By Author / Illustrator
Friends and family
Penguin Random House Children's UK
Paperback / softback
Mimi adores her wild, fun, full-of-life gran. Then Gran starts forgetting things. Suddenly there are cracks appearing all around their home - and a mysterious black crow - both of which only Mimi seems able to see.
Mimi is determined to solve the mystery. Luckily she has new friends to help: Titch and Nusrat. Together, they're the Stickleback Catchers: solvers of puzzles and seekers of adventure.
Down by the river, where the gang meet and the silvery sticklebacks swim, they discover a mysterious stone, speckled with stars. But this is no ordinary stone: it's the doorway to another world, a world of talking crows and secrets, magical constellations and memories - and maybe, just maybe, Mimi's chance to bring back Gran forever...
Mimi has been brought up by her grandparents since she was a baby. Now they all live together in a flat over a bowls club in North-East England. Mimi adores her feisty, sparky grandmother, who used to be an opera singer and is a mean skateboarder. So, when Gran begins to behave oddly and forget things, Mimi is devastated. As Gran deteriorates, Mimi begins to literally see cracks appearing in her world. Helped by her friends Titch and Nusrat, the Stickleback Catchers, she is determined to save her Gran, and when the friends discover a way to manipulate time they set off on an incredible and life-changing adventure. Along the way, they meet Fig, a talking raven, and the creepy Void Collectors, wraith-like creatures who guard people's memories.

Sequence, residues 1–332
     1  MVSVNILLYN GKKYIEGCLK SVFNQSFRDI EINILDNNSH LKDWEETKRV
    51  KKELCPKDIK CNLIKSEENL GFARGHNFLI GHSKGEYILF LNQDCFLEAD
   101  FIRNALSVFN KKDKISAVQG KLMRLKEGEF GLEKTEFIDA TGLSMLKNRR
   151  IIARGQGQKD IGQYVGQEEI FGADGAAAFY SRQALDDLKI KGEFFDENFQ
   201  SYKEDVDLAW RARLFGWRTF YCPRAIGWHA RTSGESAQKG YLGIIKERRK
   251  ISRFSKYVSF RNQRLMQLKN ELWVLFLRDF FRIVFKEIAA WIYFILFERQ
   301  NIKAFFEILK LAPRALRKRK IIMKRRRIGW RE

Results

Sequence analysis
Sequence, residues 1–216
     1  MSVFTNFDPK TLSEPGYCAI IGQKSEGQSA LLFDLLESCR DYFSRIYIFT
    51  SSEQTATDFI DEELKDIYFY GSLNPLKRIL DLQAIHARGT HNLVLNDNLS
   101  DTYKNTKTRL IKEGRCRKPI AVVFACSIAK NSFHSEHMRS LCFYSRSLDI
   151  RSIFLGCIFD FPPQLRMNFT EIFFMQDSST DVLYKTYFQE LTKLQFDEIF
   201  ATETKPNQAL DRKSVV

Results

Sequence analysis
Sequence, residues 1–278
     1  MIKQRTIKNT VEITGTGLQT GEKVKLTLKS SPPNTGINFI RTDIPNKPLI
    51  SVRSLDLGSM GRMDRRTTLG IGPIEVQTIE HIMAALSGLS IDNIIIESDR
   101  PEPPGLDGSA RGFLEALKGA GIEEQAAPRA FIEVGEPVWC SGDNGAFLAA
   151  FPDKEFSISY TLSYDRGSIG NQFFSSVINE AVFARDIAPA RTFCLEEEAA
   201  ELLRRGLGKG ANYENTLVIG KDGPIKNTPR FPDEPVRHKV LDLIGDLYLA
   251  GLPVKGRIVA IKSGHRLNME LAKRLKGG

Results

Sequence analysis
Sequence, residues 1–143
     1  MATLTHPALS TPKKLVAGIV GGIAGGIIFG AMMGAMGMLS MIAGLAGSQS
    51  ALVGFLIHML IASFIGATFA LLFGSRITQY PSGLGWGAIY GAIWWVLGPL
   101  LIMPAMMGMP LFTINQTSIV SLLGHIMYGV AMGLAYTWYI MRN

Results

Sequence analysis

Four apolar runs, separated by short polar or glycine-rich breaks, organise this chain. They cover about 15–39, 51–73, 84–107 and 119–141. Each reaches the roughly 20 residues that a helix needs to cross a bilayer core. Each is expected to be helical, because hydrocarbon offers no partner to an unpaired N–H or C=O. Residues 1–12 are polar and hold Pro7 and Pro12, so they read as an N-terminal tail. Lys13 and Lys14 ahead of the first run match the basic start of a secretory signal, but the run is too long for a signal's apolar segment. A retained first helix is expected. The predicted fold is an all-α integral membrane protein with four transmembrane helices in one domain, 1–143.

The Stickleback Catchers is a lovely book, beautifully and sympathetically written. The author has given us a wonderful cast of characters, each with their own disabilities and conditions, which are never fully explained - the author explains why in her authors' notes at the end of the novel. Mimi is brave and fearless in her determination to rescue her Gran from the cruelties of dementia. She uses crutches to walk but is never depicted as anything other than a fully active member of the Stickleback Catchers. We never find out Titch's gender, and Nusrat has an illness which keeps her confined to bed. United by a love of puzzles, the three friends begin a quest to solve the mystery of the talking crow and the horrible cracks which appear whenever Gran has one of her episodes of forgetfulness.
At the heart of this novel are the themes of family and friendship, and both are dealt with beautifully. Despite her longing to save her Gran, Mimi must ultimately make a choice between her love for Gran and her relationship with Titch. The author deals so sensitively with the subject of a child coming to terms with the illness of a beloved family member, and still manages to give the reader an exciting adventure story. There are some extremely moving moments in the book, but Ms Auton is never maudlin, and the conclusion to the story is very uplifting.
Living in the North- East myself, I recognised many of the places described in the book (everyone should go to Redcar for a lemon top ice cream!) and I felt that the author's love for her home town shines from the pages, even though she changed its name! I feel that this is a very important book; it deals with so many issues and yet the reader never feels that they are being preached to. We accept Mimi, Titch and Nusrat for who they are – children with impairments which do not define them.
It would be wonderful to have another book featuring this intrepid trio! I loved this book, and will definitely be recommending it to everyone I know. I will also remember Gran's moving message to Mimi: "Cracks aren't just darkness, they also let in the light."
400 pages / Reviewed by Beverley Somerset, school librarian
Suggested Reading Age 9+